What is a Torrent? Torrents are a way of downloading and sharing files on a Peer-To-Peer network
What is a Torrent? Torrents contain metadata about the files to be shared and the tracker. ▫A tracker is the computer that coordinates the file distributed ▫The tracker guides the peer to the location of the file using a BitTorrent
What is a Bit Torrent? A BitTorrent is any program that implements the BitTorrent protocol. Each client is capable of preparing, requesting, and transmitting any type of computer file over a network, using the protocol. A peer is any computer running an instance of a client
In Other Words A Client is the computer that makes the original torrent, and contains the original file. The original torrent is also known as the seed. A Peer is the computer accessing the file, this is also known as a leacher.
Example of a BitTorrent Applications Bitlord ▫Bitlord is not only a BitTorrent, but it also has a search engine for torrents along with it
How They Work BitTorrent makes numerous P2P requests over different TCP sockets, while web-browsers typically make a single HTTP GET request over a single TCP socket BitTorrent downloads in a random or “rarest first” approach that ensures high availability, while HTTP downloads from a single server.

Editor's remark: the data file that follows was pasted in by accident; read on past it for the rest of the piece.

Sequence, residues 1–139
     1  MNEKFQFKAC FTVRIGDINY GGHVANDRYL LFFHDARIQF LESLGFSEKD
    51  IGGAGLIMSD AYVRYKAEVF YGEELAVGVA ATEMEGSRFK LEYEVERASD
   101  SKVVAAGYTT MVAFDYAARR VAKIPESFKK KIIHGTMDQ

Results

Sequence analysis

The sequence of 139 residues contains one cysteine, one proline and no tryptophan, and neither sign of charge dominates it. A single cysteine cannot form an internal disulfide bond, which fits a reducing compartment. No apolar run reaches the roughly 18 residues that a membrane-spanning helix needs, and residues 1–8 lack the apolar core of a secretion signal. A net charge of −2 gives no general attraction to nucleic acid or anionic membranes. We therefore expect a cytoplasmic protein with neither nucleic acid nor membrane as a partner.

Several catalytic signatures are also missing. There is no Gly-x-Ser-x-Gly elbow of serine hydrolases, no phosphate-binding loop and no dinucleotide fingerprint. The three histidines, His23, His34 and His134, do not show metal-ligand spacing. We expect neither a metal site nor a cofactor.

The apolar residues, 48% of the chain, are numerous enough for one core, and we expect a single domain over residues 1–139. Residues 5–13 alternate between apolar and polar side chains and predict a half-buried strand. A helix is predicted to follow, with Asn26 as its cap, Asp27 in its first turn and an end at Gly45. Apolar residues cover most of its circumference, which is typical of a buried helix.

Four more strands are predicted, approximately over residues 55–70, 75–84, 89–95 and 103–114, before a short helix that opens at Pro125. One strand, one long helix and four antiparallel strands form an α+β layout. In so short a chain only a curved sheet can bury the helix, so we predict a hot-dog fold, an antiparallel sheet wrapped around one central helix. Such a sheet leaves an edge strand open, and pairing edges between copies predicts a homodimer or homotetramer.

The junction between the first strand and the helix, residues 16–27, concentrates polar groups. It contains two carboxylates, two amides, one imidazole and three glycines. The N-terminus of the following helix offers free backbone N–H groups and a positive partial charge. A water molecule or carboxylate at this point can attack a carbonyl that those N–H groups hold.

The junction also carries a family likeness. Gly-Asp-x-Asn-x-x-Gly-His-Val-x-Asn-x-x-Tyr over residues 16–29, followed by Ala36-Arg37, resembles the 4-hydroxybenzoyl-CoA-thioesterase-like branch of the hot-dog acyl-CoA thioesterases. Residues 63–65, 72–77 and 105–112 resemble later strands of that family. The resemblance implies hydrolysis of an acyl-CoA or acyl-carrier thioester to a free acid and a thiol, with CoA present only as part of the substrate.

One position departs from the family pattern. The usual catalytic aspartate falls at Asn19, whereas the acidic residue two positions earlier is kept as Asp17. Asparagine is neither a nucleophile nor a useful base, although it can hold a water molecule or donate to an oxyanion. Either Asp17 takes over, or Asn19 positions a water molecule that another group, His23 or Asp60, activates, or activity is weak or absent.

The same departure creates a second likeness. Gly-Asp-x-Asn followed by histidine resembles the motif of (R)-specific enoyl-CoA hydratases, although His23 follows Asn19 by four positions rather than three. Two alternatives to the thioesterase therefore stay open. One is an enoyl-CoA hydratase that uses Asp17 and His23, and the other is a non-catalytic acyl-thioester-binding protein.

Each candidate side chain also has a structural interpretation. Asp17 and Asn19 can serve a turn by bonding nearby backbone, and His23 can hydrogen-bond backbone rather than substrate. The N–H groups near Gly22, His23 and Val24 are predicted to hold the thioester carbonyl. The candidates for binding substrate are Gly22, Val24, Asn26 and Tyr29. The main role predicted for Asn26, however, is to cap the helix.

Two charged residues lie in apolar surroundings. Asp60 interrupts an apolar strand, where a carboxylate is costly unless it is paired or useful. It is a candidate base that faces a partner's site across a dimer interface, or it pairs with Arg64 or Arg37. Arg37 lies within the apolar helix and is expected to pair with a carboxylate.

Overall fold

How They Work In this animation, the different colors represent individual pieces of the file. After the initial pieces of the file transfer from the seed, the pieces are individually transferred from client to client. The original seeder only needs to send out one copy of the file for all the clients to receive a copy.
Creating a Torrent Creating a torrent is very simple. The only thing you have to do is select the files you want to share and use your BitTorrent to create a torrent. To share the files, you can upload your torrent to many different torrent hosting websites.
Different Torrent Websites www.demonoid.com www.warezquality.com www.mininova.com www.thepiratebay.com www.torrentz.com
Legal Issues Some claim that because BitTorrent trackers only store and track the metafiles and usually do not share any potentially copyrighted data, that they are legal. Despite this claim, there has been tremendous legal pressure on BitTorrents
Legal Issues BitTorrent trackers, as well as other P2P file sharing networks, have been subjected to raids and shutdowns due to claims of copyright infringement. These are usually on behalf of the MPAA and RIAA
Websites Shut Down www.suprnova.org www.EliteTorrents.org www.torrentspy.com
Legal Issues It is illegal to share copyrighted material, and if you are going to do so, do so at your own risk